A couple of hours later, around 2:00 p.m., some of the officers knocked on the door of the house and rang the doorbell. They heard people inside, children crying, and "shuffling around, " but no one came to the door. After a few minutes, the officers returned to their cars. At this point, Wagoner decided to go back to his office to start working on an affidavit in support of an application for a search warrant. During that time, however, his supervisor suggested that Wagoner try calling the phone number that was listed on a taxi cab that had been parked in front of the home all day.
Wagoner dialed that number at 7:07 p.m., and Jones answered. Agent Wagoner identified himself, explained that the house was under surveillance for possible drug trafficking, and that he was "in the middle of writing a search warrant." Jones said that her three children, her sister, and possibly "her boyfriend Marlon [Moore]" were at the house. Wagoner later testified that Jones "seemed deeply concerned for her kids being in the house and the fact that the search warrant was going to happen." Jones told Wagoner that she would leave work and asked him to meet her at the house.
Soon thereafter, at 7:44 p.m., Jones called her sister, who was in the house. One minute later, the officers watching the house saw a person run through the backyard, from the house to the edge of the yard, and heard a loud sound consistent with something or someone coming over the fence and landing on the ground in the adjacent backyard. The officers were concerned that someone had fled the house and thus increased the law enforcement presence, including bringing in a helicopter. At the location where the officers heard the sound, they found two large boxes, each of which contained a 20-pound bundle of marijuana wrapped in green cellophane and surrounded by pink foam.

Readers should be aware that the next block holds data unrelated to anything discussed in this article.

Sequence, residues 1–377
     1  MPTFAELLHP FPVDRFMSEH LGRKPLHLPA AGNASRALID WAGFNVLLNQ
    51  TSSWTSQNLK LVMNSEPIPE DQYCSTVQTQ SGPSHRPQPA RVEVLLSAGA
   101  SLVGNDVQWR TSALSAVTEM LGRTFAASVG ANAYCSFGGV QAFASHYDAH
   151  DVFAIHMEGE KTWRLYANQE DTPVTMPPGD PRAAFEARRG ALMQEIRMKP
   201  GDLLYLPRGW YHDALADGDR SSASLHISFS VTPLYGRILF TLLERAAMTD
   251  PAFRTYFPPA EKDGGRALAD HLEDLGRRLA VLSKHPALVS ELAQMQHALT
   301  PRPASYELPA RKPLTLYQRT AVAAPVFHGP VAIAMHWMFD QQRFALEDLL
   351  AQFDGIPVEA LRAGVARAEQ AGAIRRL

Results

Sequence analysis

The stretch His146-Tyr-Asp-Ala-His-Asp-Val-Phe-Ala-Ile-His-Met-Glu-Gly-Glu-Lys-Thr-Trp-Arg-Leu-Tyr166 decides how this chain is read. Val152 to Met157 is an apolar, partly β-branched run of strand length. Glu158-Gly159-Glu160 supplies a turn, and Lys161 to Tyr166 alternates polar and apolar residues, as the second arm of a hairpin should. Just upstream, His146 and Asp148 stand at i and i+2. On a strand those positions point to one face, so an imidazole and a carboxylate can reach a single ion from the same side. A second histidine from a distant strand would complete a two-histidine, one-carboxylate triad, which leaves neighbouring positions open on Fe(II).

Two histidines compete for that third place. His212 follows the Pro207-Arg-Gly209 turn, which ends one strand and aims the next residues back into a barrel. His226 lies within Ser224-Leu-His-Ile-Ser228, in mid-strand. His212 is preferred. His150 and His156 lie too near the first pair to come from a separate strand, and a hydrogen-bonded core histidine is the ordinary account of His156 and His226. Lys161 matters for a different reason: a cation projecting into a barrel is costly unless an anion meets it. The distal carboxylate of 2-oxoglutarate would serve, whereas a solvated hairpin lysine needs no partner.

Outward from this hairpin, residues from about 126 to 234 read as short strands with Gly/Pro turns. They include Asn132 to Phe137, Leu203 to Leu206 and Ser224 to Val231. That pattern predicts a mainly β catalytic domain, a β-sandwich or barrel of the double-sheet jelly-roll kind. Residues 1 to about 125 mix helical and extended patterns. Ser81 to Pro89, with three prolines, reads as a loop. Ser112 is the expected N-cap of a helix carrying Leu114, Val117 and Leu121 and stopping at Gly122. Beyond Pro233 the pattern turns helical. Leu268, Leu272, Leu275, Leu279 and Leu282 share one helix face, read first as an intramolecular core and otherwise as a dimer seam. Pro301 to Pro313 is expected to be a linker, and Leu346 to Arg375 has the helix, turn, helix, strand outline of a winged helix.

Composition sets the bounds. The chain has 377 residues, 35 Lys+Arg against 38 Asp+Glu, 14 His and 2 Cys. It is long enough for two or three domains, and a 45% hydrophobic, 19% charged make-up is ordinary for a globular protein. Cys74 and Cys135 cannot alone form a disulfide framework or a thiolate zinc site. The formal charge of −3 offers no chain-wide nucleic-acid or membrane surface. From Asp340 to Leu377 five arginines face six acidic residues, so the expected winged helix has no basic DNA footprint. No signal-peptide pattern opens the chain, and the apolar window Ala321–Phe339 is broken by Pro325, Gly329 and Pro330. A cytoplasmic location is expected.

Wagoner returned to the scene and called Jones at 8:26 p.m. Jones told him she was on her way there. She arrived around 8:40 p.m. After a short conversation regarding the situation, Jones signed a Consent to Search form at 8:45 p.m.
Jones and some officers then went to the front door of the residence. When she arrived at the front door, Jones called her sister and Moore, but neither answered their respective phone. Jones then attempted to unlock the door with her keys, but she could not do so because the door had been locked with a dead-bolt that could not be unlocked from the outside. Jones continued to knock on the door and then called out-in a voice that "was very, very loud" and "definitely could be heard from inside"-"Marlon, Nikki, the police are out here, open the door, open the door." When still no one answered the door, the officers requested permission from Jones to break through the front door with a battering ram. Jones consented to the use of the ram.
The officers used the ram to open the door. Jones then called out again, and Moore, Jones' sister, the children, and another man came out of the house. Once they were inside the house, the officers found three boxes of marijuana that were identical to the two that had been found in the backyard of the neighboring house, along with digital scales, packing material, and shrinkwrap. Following Miranda warnings, Moore admitted that the marijuana was his and gave details as to his sources and his shipping methods.
The government indicted Moore, charging him with possession of marijuana with intent to distribute in violation of 21 ...